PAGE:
Research & Academic Facilities
Atmospheric Chemistry Laboratories
Atmospheric Chemistry laboratories at the Rosenstiel School house state-of-the-art analytical techniques used to measure properties of atmospheric particles and gases and characterize their sources. Field deployable instrumentation including single-particle mass spectrometry and chemical ionization mass spectrometry are used to measure individual aerosol particles and trace gases in real time. These techniques are also used in laboratory studies to provide a mechanistic understanding of the atmospheric sources and reactions responsible for field observations.
Center for Computational Science
High Performance Computing at the University of Miami’s Center for Computational Science (CCS) is an essential part of research for the faculty, students, and scientists in ATM. The world-class supercomputers at CCS provide the infrastructure necessary to perform cutting-edge research in weather and climate processes and prediction.
South Florida's Cloud-Aerosol Rain Observatory (CAROb) is an instrument suite at the Rosenstiel School aimed at improving our understanding of low cloud processes, cloud-aerosol interactions, and the radiative impacts of clouds and aerosols. The sun photometers contribute to the global AERONET network. A particular aerosol focus is Saharan dust, which dominates the annual aerosol loading at Miami. Daily imagery keeps you in touch with today's weather.
Faculty Specialist: Paquita Zuidema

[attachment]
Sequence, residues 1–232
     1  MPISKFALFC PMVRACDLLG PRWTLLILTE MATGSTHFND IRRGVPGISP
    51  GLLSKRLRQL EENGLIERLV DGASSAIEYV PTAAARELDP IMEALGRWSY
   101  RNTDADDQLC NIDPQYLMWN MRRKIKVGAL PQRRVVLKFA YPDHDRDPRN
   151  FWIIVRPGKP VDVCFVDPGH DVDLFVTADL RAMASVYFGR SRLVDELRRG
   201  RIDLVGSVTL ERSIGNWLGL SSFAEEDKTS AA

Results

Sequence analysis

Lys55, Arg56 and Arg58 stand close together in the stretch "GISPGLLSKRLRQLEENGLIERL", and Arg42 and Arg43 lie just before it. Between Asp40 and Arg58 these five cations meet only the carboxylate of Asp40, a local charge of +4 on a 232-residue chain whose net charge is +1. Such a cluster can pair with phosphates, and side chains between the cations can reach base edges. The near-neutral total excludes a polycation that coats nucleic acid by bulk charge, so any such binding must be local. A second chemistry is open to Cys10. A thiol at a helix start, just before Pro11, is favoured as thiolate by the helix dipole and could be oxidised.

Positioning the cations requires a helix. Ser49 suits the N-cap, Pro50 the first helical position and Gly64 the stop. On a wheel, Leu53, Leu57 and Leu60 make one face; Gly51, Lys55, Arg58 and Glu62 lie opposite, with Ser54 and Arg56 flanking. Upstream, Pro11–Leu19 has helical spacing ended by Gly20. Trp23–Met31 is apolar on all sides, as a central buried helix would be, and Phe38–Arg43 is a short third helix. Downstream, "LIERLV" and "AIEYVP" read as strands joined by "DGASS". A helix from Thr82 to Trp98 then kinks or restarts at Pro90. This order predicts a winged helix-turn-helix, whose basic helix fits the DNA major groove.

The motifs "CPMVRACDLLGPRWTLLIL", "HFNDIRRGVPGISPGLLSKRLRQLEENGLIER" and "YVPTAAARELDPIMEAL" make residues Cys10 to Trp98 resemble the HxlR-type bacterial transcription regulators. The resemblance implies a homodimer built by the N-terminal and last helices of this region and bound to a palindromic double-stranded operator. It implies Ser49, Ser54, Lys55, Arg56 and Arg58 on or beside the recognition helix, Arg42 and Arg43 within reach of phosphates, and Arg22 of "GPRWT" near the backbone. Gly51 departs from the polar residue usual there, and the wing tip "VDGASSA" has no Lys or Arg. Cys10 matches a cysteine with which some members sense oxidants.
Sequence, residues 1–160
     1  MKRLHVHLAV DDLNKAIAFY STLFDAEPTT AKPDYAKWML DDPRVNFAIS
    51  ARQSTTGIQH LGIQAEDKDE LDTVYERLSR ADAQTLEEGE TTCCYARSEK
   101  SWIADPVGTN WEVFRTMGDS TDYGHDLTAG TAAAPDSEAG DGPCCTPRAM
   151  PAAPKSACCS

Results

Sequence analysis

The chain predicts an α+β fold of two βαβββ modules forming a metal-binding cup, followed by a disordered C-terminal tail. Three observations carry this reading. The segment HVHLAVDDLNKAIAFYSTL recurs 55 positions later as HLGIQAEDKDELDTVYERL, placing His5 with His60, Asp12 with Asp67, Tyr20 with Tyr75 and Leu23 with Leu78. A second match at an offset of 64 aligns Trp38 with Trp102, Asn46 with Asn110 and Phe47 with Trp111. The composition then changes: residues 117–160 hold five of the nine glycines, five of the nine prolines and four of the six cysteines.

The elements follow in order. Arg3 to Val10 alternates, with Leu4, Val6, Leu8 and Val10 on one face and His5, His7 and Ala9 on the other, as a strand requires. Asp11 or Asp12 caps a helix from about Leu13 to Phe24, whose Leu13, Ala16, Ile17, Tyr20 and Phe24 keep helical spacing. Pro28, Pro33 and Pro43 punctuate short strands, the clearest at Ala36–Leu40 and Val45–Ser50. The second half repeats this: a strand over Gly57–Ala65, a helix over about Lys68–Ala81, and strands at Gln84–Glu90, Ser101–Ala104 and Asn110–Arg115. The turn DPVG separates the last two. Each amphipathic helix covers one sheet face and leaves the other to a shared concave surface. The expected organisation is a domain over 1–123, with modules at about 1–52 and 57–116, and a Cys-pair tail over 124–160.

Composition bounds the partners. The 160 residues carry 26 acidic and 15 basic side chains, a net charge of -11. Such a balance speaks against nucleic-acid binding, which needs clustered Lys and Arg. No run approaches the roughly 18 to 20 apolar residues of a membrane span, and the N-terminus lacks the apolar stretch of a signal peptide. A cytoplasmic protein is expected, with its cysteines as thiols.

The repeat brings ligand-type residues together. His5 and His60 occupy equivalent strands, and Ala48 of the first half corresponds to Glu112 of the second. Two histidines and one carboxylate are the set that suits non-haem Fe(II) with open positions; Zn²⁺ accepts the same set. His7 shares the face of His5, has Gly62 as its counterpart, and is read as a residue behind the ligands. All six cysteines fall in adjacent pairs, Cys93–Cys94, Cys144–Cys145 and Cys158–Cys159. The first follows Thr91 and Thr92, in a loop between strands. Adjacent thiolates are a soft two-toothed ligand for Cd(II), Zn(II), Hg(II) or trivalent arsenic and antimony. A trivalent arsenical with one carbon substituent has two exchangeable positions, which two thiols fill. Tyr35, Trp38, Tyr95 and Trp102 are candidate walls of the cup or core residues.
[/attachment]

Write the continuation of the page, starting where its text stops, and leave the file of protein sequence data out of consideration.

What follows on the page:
Helicopter Observation Platform
The University of Miami’s Helicopter Observation Platform (HOP) is a one-of-a-kind resource that is ideal for atmospheric sampling and remote sensing observations. This flying scientific laboratory aids in the study of atmospheric aerosols, such as Saharan dust, as well as chemical, physical, and biological processes in the atmospheric boundary layer and in particular near the surface of the Earth.
Faculty Specialist: Roni Avissar
The Weather Server
A powerful data server participates in live peer-to-peer sharing of current weather data streams from around the world. Weather.rsmas keeps a rolling archive of the most recent few weeks of global data, including forecasts and verifications along with satellite, radar, stations, balloons, and other observational data sources. This system allows researchers and weather watchers to collaborate worldwide, without having to be physically located together.
Faculty Specialist: Brian Mapes
Surge Structure Atmosphere Interaction (SUSTAIN) Facility
SUSTAIN, housed at the Rosenstiel School, is a brand new facility that addresses a significant gap in the existing research infrastructure available to support the development of disaster-resistant and resilient coastal communities. SUSTAIN has the capability to test three-dimensional coupled wind-waves and surge and their combined impacts on structures in conditions as extreme as a land-falling Category 5 hurricane. The laboratory exists as a unique resource for fundamental studies on air-sea interactions, wave dynamics, and boundary layer turbulence while providing an experimental test-bed for model development. ATM faculty, staff, and students have the opportunity to collaborate with the SUSTAIN team.
Faculty Specialists: Brian Haus (Department of Ocean Sciences)
NOAA’s Hurricane Research Division & National Hurricane Center
Faculty and students in ATM work closely with scientists in NOAA’s Hurricane Research Division (located across the causeway from the Rosenstiel School) and forecasters at the National Hurricane Center. NOAA scientists often serve as research collaborators, guest lecturers, mentors, and committee members for ATM students.